Edited by orizvi, 12 March 2013 - 04:00 PM.

#11warnexus  Prime Members

Posted 12 March 2013 - 05:16 PM

Based on everyone feedback, I still have questions:

Since n^3 grows faster than n^2, then does that means n^3 is a slower run time algorithm than n^2? Please correct me if I am wrong.

Edited by warnexus, 12 March 2013 - 05:29 PM.

#12frob  Moderators

Posted 12 March 2013 - 05:53 PM

No.

The notation only shows how it grows in the long case, for a large data set.  There is an invisible constant multiplier which is left off, and there are potentially smaller polynomial terms that are also left off.

A very slow algorithm with n^2 growth can be slower then an extremely fast algorithm with n^3 growth.

For a small data set the more complex algorithm may have a faster clock time.  Sometimes the specific hardware will have an optimization that will handle the more complex algorithm as a natural fit to the computation model where the less complex algorithm is a bad fit requiring more processor work.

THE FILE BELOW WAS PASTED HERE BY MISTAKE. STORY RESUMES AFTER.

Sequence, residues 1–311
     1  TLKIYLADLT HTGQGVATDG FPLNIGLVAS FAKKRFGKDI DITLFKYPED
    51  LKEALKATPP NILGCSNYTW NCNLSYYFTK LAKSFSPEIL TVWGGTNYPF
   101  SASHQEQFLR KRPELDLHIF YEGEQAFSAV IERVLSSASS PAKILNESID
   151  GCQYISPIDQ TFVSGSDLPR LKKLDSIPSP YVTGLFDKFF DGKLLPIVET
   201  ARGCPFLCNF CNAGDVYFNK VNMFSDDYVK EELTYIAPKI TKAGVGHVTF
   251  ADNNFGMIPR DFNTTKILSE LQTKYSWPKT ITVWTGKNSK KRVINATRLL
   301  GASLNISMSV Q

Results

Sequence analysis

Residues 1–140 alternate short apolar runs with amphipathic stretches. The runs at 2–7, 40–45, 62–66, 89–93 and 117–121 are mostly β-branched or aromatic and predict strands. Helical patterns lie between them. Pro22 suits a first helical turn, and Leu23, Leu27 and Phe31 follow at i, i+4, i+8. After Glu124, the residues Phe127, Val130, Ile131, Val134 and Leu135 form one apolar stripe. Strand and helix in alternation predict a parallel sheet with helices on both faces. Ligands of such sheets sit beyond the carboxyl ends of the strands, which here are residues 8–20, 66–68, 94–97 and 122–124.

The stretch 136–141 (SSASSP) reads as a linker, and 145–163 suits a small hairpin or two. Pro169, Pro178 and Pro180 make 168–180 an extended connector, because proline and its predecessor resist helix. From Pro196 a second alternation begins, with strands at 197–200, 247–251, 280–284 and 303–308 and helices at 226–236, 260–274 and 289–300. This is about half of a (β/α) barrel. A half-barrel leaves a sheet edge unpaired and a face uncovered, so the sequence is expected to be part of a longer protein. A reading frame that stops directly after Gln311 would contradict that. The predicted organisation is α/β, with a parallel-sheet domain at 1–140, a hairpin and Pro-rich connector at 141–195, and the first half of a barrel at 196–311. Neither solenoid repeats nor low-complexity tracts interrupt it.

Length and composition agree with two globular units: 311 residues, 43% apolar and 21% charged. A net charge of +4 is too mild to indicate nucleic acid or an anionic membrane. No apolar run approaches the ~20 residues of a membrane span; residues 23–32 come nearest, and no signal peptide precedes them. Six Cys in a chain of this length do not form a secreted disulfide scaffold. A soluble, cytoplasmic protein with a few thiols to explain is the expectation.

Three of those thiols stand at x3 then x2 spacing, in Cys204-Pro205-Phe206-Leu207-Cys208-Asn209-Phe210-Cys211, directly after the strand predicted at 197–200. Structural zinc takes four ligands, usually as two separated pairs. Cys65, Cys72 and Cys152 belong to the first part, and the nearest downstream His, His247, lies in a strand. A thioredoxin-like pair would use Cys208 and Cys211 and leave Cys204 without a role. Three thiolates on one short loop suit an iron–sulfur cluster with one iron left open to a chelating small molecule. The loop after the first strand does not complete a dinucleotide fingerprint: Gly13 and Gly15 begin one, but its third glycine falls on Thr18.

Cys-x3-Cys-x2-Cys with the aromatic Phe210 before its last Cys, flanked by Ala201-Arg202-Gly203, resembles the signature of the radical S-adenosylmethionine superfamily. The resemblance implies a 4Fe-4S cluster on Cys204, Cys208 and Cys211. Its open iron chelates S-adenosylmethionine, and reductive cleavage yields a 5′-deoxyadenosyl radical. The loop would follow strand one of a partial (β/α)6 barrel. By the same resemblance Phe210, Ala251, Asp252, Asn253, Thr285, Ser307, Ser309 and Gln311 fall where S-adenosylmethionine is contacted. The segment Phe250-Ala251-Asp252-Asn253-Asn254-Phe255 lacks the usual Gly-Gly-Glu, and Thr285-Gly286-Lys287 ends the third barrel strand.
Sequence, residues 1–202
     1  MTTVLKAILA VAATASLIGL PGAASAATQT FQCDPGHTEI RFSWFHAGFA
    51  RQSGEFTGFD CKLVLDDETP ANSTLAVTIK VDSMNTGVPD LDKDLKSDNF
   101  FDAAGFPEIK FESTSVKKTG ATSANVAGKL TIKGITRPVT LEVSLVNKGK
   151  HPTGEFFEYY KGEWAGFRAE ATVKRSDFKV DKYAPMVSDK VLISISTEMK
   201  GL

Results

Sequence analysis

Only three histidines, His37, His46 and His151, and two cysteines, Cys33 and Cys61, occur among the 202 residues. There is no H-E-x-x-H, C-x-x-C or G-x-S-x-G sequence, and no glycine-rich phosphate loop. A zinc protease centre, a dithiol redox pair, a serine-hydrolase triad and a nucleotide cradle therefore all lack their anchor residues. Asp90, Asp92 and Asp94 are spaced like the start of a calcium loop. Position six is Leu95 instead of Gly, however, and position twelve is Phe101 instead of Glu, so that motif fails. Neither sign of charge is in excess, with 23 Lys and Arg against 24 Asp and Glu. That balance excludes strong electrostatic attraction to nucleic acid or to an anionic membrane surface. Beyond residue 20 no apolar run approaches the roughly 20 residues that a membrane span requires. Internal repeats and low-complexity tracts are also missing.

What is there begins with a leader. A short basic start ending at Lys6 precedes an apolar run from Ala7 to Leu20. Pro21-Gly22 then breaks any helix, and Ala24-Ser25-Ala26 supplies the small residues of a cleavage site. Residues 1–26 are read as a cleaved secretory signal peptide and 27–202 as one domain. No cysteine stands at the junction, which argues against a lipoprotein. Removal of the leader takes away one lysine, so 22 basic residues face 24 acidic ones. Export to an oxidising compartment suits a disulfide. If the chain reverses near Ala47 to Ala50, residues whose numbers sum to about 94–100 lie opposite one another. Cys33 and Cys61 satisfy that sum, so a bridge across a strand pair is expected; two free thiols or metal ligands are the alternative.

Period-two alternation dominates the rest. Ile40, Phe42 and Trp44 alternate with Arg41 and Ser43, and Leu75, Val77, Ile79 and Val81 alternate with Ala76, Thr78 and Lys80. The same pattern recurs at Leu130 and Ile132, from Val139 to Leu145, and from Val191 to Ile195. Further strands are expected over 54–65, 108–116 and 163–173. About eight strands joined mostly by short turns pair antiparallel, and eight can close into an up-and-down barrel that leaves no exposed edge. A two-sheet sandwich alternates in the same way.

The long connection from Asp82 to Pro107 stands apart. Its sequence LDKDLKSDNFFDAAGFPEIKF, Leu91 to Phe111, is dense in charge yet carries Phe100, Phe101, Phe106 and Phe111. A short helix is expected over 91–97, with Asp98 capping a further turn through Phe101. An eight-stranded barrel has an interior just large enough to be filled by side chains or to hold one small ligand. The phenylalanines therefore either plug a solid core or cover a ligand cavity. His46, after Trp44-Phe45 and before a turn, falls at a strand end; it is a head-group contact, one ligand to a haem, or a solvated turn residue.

And sometimes one algorithm can be run in main memory or in cache memory where the other one must be swapped out to disk, causing actual performance to plummet.

Big-O notation is useful in CS theory classes, but in the practical world it only serves as a general guide to see if an algorithm is sane or not for the problem you are trying to solve.

Check out my book, Game Development with Unity, aimed at beginners who want to build fun games fast.

Also check out my personal website at bryanwagstaff.com, where I occasionally write about assorted stuff.

#13orizvi  Members

Posted 12 March 2013 - 06:15 PM

Expanding on frob's answer above. Refer to my previous post.

Big O notation is defining the upper bounds of the growth of a function

Its important to note the word "Growth" in there. So n^3 will grow to requiring more operations faster than n^2 - but without considering the C and k constants - it makes no guarantees about performance.